From content to code generation, the latest technologies in machine learning such as GPT-3 from OpenAI make us wonder how far we can dream! We were quite impressed with the results. Above is a graph generator to explore our data automatically based on a simple description of what we want. Others great successes using GPT-3 include some neat categorization scenarios for our client’s data exploration as well as content generation.
Challenges to overcome
Working as a group of 3 to 10 towards a common goal is not an easy task. Especially when you have to present your work to your competing colleagues. Here are some obstacles we faced.
Around 50 Botifyers were in the office to participate. Gathering everyone for the many moments of the hackathon, including the opening presentation and the final project presentations where everyone is in a joyful mood or in the ultimate rush of preparing a working demo can be quite intense! Defining a clear and timely agenda of these moments and having a loud enough voice were key to get everyone together and start on time.
Speaking about time, a lot of people wished they had more of it. This aspect is the most important part of the hackathon and is somehow disregarded. The feeling of lack of time can come from many places: lack of preparation, an excessively ambitious project, the desire to always do more or feeling to much the pressure.
Why is it interesting? Because it feels exactly like half of the interest of doing a hackathon, that is, to play at being your own little startup for two days. You need to be prepared, to have your subject coined, not to fear downsizing and adapting it along the journey. If any lesson must be learned from it, it’s to see how you managed your project.
Since we involved every team from the Engineering department, we faced the challenge of making people fit that do not code on a daily basis. A hackathon is not all about coding, but it’s a major part for most projects. It was a challenge to leverage everybody’s strength on the different projects, but also let people discover new skills and take the time to learn.
What a time to be alive!
The hackathon was a success. A quick internal survey showed us that people loved its organization. Now that it is over, it’s time to look back and do a retrospective.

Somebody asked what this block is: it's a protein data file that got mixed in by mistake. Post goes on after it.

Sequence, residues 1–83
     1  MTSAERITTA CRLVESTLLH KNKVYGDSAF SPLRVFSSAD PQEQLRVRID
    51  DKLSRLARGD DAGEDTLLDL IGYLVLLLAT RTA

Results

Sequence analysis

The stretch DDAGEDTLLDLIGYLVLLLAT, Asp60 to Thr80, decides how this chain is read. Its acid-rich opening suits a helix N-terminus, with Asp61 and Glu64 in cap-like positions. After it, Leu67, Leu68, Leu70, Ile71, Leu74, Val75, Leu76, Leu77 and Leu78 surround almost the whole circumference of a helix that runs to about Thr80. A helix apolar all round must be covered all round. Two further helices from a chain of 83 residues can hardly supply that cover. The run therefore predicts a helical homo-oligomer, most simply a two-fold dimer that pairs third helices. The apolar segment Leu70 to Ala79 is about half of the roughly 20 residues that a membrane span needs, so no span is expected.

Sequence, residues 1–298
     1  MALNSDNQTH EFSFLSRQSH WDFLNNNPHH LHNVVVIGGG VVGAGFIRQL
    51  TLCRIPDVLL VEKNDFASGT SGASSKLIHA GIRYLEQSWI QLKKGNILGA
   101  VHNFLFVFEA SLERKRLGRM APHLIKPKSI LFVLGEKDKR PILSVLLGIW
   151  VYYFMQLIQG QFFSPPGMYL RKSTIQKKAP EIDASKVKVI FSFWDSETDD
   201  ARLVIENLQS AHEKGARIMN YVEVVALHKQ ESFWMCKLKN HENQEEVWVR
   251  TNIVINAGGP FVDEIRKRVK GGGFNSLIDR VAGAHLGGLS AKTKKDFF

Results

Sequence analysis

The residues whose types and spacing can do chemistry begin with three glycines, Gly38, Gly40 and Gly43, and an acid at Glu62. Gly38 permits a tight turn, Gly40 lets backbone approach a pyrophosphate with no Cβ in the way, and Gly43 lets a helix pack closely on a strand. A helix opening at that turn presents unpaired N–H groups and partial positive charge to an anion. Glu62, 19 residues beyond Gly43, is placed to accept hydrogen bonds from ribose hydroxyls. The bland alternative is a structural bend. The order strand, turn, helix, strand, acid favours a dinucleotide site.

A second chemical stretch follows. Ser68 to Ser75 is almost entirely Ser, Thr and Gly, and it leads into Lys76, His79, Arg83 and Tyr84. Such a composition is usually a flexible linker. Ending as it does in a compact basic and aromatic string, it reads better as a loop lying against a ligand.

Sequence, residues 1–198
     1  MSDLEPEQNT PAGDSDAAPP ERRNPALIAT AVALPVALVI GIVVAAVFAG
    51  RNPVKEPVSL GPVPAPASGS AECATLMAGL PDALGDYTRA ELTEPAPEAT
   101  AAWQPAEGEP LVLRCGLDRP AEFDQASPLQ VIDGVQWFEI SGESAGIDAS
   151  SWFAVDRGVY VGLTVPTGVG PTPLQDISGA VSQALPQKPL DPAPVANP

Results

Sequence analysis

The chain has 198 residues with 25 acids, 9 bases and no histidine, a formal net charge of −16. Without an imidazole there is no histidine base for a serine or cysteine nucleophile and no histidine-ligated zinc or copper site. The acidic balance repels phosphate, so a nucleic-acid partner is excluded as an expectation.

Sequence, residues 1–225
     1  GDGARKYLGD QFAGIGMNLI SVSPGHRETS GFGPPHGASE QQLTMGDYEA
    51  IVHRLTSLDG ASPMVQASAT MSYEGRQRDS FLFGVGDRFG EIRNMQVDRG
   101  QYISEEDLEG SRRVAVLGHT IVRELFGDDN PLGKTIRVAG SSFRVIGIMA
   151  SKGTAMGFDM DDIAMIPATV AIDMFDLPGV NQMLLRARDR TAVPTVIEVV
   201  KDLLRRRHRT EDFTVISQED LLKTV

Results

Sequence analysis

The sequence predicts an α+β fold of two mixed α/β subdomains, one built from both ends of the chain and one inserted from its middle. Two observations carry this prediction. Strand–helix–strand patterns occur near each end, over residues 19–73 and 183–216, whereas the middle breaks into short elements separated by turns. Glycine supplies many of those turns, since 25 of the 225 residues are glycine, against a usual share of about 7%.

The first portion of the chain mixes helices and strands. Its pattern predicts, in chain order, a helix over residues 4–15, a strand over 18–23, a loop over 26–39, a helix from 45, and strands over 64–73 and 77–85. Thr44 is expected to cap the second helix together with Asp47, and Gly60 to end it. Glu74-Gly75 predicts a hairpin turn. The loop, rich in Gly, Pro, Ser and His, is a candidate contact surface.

First, it is interesting to analyze the projects’ themes.
- Many projects were an opportunity for Botifyers to learn about something new for them. This included new technologies (like playing with the GPT-3 model) but also working on things outside of their comfort zone.
- Another major project category was improving and automating daily time-consuming or annoying tasks. These projects included a tool for faster investigation for our Support Team.
- Finally, we saw deeply technical and complex topics. One example is the optimization of our computational workflows. We currently scale the computation of data dynamically through a powerful workflow system. It works well for high volumes, but having many small tasks causes inefficient use of our workers. One hackathon team dived into an aggregation of small tasks to efficiently leverage the allocated servers.
Lots of the projects bring value that we want to keep. This was already the case last year and remains very accurate this year. Project owners are encouraged to advocate for the continuation of their project and teams will have dedicated time to maintain the project.
As for what we can improve, we will definitely bring more clarity to our voting framework, in order for every project to have a fair chance of winning based on criteria we can all agree on. But mostly, we’ll buy more pizzas at the end of the day for our chill session! Some people had to fall back on crisps because we didn’t get enough pizza! 😱
To sum up, people loved the hackathon because of the inclusiveness and given freedom around topics. We are even thinking of organizing it twice a year. Compared to the previous iteration that was fully-remote, participating in an event all mixed together in the same place was a strong part of the fun.
If you want to know more about how we do our hackathons and our projects, feel free to reach out!
Interested in joining us? We’re hiring! Don’t hesitate to send us a resume if there are no open positions that match your skills, we are always on the lookout for passionate people.